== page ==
Teams of meat processors from China, Japan, South Korea, Central America, South America and the Caribbean were updated on technological advances and processing trends and educated on the advantages of utilizing high-quality U.S. raw materials at the second annual USMEF Global Processing Seminar at the University of Wisconsin (UW). Funding support was provided by the Pork Checkoff and the Beef Checkoff Program.
Some participants built on the knowledge gained at the seminar by visiting farms and packing plants in the Midwest to gain a better understanding of U.S. beef and pork production.
To compare methods used in different markets, representatives from some of USMEF’s international offices – Lorenzo Elizalde (Mexico), Alex Choi (Korea) and Liz Wunderlich (Caribbean) – formed a panel to talk about further processing trends in their respective regions.
The second day of the seminar focused on process management strategies, such as freezing and defrosting, cost reduction and quality control plan development.
“Our goal is to not only teach the processing companies the importance of using U.S. raw materials but also help them integrate improved management strategies into their current processes, which will help improve their finished product quality,” explained Sindelar.
The seminar concluded with discussions on product trends, including flavors and packaging, and attendees had an opportunity to sample a wide range of processed beef and pork products that are popular in the United States.
Like last year’s inaugural Global Processing Seminar, feedback from participants was very positive. USMEF plans to continue the seminar in 2017. Bringing processors from the around the world to one place for educational sessions supplements USMEF’s activities promoting the use of U.S. raw materials for further processing, said Travis Arp, USMEF director of market access and export services.
“The seminar provides an opportunity for foreign processors to learn more about why using high-quality U.S. raw materials in their products will benefit their company,” he added. “Many participants have remarked on how valuable this information will be to their companies and will certainly play into their raw material purchasing decisions.”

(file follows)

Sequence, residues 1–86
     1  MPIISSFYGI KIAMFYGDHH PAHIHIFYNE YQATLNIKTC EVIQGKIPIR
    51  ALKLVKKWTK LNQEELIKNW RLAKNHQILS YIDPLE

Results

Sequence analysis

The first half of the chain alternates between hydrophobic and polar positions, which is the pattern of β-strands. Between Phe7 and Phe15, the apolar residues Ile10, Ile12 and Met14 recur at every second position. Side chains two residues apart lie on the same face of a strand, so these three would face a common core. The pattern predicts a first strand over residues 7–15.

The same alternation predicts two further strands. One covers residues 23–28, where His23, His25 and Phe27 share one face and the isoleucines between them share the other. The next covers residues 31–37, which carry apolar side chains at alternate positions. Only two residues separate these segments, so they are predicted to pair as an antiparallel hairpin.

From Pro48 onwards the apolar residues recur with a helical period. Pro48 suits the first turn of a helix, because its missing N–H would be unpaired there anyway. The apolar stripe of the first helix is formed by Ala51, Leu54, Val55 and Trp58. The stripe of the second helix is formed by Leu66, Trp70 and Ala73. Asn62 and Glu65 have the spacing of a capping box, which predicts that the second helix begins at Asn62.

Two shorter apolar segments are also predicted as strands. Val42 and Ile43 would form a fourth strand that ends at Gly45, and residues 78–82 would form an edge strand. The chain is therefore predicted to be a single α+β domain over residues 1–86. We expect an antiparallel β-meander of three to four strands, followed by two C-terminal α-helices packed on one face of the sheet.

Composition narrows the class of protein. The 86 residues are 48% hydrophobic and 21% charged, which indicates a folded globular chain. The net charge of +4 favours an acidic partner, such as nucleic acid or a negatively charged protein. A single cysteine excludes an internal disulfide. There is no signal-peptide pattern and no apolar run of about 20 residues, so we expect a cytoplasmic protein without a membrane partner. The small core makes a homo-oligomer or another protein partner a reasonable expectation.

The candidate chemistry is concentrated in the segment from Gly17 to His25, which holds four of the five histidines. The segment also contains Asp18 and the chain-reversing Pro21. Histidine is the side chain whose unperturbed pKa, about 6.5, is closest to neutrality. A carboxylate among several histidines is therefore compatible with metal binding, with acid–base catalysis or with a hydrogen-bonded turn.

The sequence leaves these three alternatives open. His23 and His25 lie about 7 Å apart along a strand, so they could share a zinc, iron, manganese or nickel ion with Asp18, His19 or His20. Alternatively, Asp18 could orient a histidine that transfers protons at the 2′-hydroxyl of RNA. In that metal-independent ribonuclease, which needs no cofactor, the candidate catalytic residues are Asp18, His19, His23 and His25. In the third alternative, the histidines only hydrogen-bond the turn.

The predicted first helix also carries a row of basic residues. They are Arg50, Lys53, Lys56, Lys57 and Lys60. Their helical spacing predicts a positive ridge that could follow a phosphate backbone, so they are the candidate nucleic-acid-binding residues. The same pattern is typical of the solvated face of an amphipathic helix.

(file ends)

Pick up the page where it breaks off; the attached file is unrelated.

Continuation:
The Western Hemisphere team, for example, traveled to Marshalltown, Iowa, to tour the JBS pork plant before moving on to Iowa Premium Beef in Tama, Iowa. The team – made up of processors from the Caribbean, South America and Central America – continued its educational tour at a feedlot in Marion, Iowa, operated by Joe Meythaler.
Next stop was the Horning Farm, a cow-calf operation near Marion, where the Linn County Cattlemen hosted an on-farm dinner.
“It was a great opportunity to meet with people from around the world who are, or potentially could be, our customers,” said Neil Horning, who spoke to the team about his family’s operation. “As American farmers and ranchers, we like to say we feed the world. It’s great to be able to share details on how we produce the food, from beginning to end.”
The team wrapped up its tour at Pine Ridge Farms, a pork processor in Des Moines.
“We wanted our team members to get a good look at beef and pork production practices in the United States so they will be able to take more information back home, in addition to the things they learned at the processing seminar,” said Wunderlich. “Speaking with members of our team at the end of the trip, it was obvious they came away with great information they can apply to their everyday processes. The great thing about this seminar is that there was something to be gained for every processor in attendance, regardless of the size of their operation.”